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Journal of No. 118


January 12th, 2007

Logic rears its ugly head @ 01:33 pm


Robert Anton Wilson died yesterday morning. RAW is probably best known for having written the Illuminatus! trilogy with Robert Shea. Illuminatus! betrays its 60's drug-fueled origins, but it's still some amusing food for your brain. And nerd-dom is the richer for all the neologisms and ideas that came from the books (and Steve Jackson's award-winning card game).

RAW was instrumental in getting me involved in the skepticism movement. His book, The New Inquisition, painted the scientific establishment in general, and CSICOP (now CSI) and James Randi in particular, as close-minded Torquemadas dogmatically protecting scientific orthodoxy at any cost. As a young physics student, I was so enraged by how awful these scientists were that I had to learn more about their infamy. Did you realize that Carl Sagan literally boiled Immanuel Velikovsky alive in a vat of sulfuric acid? Neither did I. That's because it didn't happen. Neither, I discovered, did most of the things that Wilson rails against in this book. In most cases, important details have been distorted to make the story come out right. RAW often said that one should believe things that make one happy. I prefer to believe things because they are true. So, not to spit on the poor man's grave too much -- though if I recall correctly, he intended to have his body frozen -- I toast him in honor of his zany fiction and for his role in helping me discover the real world and not the world as I would like it to be.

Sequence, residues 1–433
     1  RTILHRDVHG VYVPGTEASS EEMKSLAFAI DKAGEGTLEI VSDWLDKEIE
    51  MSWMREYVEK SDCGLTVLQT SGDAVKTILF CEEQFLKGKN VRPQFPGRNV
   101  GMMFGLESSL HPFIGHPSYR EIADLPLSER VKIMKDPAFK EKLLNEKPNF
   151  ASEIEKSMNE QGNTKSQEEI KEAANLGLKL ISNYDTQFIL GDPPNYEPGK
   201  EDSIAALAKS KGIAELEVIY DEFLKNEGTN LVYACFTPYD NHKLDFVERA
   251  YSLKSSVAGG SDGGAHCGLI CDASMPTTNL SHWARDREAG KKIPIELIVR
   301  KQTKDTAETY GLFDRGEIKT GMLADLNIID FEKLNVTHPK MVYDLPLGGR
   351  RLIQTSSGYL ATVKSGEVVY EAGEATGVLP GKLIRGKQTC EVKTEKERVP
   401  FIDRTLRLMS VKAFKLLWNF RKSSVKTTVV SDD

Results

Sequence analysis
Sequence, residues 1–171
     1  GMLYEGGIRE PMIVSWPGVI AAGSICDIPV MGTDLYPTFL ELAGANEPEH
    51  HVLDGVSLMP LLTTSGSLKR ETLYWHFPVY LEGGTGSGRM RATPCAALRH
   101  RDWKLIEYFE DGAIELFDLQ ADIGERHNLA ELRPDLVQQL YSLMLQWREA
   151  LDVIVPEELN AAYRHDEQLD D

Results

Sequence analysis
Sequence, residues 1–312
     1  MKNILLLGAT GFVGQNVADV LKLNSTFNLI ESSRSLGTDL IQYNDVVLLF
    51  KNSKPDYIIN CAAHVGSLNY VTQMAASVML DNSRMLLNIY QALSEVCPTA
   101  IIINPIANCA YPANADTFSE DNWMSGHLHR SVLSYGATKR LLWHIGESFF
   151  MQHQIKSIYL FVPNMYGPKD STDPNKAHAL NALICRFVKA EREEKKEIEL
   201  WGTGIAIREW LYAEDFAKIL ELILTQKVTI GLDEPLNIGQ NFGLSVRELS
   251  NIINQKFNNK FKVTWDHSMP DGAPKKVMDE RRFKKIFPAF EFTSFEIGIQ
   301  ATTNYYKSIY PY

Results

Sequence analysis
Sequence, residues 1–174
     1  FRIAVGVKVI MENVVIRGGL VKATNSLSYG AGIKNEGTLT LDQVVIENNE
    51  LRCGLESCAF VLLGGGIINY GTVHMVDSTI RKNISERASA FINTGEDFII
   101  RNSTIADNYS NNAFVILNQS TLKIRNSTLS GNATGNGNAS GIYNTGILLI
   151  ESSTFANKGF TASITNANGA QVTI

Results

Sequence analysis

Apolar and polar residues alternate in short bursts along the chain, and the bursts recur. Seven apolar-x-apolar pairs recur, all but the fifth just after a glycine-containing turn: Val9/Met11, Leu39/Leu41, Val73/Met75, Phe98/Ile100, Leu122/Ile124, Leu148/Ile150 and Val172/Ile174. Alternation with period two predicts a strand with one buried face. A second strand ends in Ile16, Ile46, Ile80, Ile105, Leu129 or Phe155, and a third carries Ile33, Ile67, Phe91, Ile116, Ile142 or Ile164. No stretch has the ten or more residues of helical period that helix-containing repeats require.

Speaking of James Randi, he and his foundation are going to get proactive with the million dollar challenge, with certain changes to take effect on April 1st. There are two main changes: